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Conservative leader Glen Miller in firing line as party looks to gain its first council seats
Political party UKIP has its sights firmly set on Bradford Council at the next elections.
And it is taking the fight directly to the Tories, with one candidate hoping to give Conservative group leader Councillor Glen Miller a run for his money.
But Coun Miller has hit back, dismissing UKIP as a “protest vote” and saying the Conservatives were the only real challenge to the Labour-led authority, as Bradford Council’s official opposition.
UKIP does not currently have any councillors elected onto the council but is hoping that will all change when the district goes to the polls in May.
This year, the local elections coincide with the European elections, held once every five years, and the party hopes this will give them a boost as those voting for UKIP in Europe could be more likely to vote for them locally too.
Bradford district chairman Jason Smith, who is standing in both the European and local elections, said they hoped to get up to three local councillors elected across the district.
He said: “I have been in this game for about 10 years and when we first started off, no-one knew who we were, or thought we were just against the European Union. Now they understand all our different policies and can say, ‘We agree with you on this policy’.
“We have currently selected 19 candidates in the district. We have only ever had up to nine historically in Bradford, so that’s double what we have always had, from a local standpoint.”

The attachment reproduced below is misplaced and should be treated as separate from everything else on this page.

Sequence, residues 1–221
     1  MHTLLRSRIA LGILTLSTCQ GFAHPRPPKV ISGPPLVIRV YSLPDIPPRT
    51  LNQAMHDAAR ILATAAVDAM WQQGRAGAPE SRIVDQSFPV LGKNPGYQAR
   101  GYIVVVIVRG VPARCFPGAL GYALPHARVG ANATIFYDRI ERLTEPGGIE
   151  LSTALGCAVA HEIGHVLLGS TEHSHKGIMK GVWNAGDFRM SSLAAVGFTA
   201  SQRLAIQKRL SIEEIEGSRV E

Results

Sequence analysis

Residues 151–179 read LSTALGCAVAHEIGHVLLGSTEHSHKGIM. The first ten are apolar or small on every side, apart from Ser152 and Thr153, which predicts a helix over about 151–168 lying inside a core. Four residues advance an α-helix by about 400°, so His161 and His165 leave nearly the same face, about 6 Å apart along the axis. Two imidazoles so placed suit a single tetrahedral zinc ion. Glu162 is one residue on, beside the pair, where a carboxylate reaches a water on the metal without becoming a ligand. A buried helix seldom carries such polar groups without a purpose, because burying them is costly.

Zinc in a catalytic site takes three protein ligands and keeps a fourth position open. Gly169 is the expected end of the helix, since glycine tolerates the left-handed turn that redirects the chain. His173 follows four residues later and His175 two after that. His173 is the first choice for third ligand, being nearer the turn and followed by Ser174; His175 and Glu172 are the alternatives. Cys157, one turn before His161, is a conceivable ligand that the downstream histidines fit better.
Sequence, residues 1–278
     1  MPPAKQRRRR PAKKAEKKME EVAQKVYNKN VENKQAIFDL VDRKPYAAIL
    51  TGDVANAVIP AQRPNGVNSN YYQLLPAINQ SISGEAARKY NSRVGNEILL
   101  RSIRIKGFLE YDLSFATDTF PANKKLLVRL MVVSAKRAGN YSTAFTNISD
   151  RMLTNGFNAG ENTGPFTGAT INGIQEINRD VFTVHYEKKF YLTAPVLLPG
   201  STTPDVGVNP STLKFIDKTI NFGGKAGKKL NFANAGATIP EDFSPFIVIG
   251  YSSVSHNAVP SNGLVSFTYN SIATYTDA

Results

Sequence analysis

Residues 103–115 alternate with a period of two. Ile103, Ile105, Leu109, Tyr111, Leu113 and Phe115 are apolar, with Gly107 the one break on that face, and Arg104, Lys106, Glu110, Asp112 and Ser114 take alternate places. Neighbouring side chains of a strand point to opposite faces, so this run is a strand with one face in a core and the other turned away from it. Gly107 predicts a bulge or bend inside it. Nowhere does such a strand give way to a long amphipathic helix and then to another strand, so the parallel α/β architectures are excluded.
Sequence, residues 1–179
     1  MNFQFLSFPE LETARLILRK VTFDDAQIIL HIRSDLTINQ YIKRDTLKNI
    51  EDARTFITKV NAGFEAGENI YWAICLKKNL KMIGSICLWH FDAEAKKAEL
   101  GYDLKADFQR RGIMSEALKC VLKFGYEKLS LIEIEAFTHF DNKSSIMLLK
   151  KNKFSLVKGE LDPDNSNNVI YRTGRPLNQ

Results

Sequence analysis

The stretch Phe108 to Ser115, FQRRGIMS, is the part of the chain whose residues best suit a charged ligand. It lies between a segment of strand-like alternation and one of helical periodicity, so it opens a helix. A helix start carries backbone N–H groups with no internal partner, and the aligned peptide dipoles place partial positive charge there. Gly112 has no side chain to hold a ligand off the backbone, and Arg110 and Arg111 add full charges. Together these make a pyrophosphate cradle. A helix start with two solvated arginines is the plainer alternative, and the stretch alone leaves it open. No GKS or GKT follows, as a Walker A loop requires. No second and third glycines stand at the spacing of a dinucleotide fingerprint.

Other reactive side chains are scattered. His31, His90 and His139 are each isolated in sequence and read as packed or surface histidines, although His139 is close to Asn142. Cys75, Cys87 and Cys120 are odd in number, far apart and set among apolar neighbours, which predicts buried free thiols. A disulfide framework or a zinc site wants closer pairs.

Mr Smith, 42, who works in data management and also runs a hypnotherapy business, said he predicted Bradford Council would look very different in the coming years, with minor parties, independent councillors and coalition politics playing a far greater role.
Mr Smith is standing in Queensbury, one of UKIP’s target areas, alongside Keighley and Wibsey.
And Keighley Town Councillor Peter Corkindale hopes to create an upset by running against Tory chief Coun Miller in the Worth Valley ward.
Coun Miller said he struggled to see how many people would vote for Mr Corkindale after he supported Keighley Town Council’s controversial Council Tax precept rise of 72.6 per cent in 2013/14.
He said: “I welcome anybody standing for election because I do believe in democracy, but I should imagine that UKIP will be sucking sour grapes after the elections.”